2) It was a box office failure at the time. Released in 1944, there was much controversy surrounding the portrayal of a German character in the lifeboat. Because of the backlash, the studio decided to shelve its plans for a full scale roll-out: it reduced its publicity budget and only did a limited release. Despite the criticism, it was nominated for a number of awards, including four Academy Awards. But it would not be seen by as many filmgoers.
For those two reasons alone, it’s hardly surprising that ‘Lifeboat’ doesn’t immediately come to mind when one think of Hitchcock’s oeuvre. There may be other reasons, but whatever they may be it’s a darn shame, for this motion picture is as superbly-crafted and tense a film as any that the “Master of Suspense” ever made.
It’s a pretty simple concept: a handful of American and British passengers and crew find themselves stranded on a lifeboat after their ship is sunk by a German U-boat. Also lost in combat, the U-boat leaves behind one survivor, who quickly makes his way to the lifeboat – much to the dismay of some of its current occupants.
The picture starts with images of last few moments of a sinking ship, and consists one set: the lifeboat, upon which our protagonists are found. It’s a story of survival that examines and contrasts the characters’ backgrounds all the while discussing issues of morality and responsibility in a war-time context.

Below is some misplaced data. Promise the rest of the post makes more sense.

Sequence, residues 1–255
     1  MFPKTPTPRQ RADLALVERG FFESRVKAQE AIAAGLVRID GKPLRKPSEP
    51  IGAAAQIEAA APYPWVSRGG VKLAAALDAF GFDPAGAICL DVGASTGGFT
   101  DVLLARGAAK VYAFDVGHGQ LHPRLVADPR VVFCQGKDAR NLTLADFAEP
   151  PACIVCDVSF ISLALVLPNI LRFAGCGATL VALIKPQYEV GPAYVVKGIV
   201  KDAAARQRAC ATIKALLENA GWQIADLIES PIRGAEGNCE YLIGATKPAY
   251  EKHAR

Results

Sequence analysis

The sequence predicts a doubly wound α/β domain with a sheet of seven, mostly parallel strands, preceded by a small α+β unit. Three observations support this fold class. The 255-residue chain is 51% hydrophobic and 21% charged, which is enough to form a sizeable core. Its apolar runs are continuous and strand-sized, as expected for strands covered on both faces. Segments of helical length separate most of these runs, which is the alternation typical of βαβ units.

There are a few notable debates between the characters, with many taking different positions – some more nuanced than others. It was interesting to see how some were responding with their guts more, whereas others empathized more, some were non-committal, and some took their time to weigh the issues before making a decision.
The inflamed discussion about throwing the German overboard was a key moment, of course. There was a question of Christian values, of treating him as a prisoner of war (with all the responsibility that this entails), of exacting meta-vengeance, …etc. It was quite the dilemma – especially in 1944, after all that had transpired.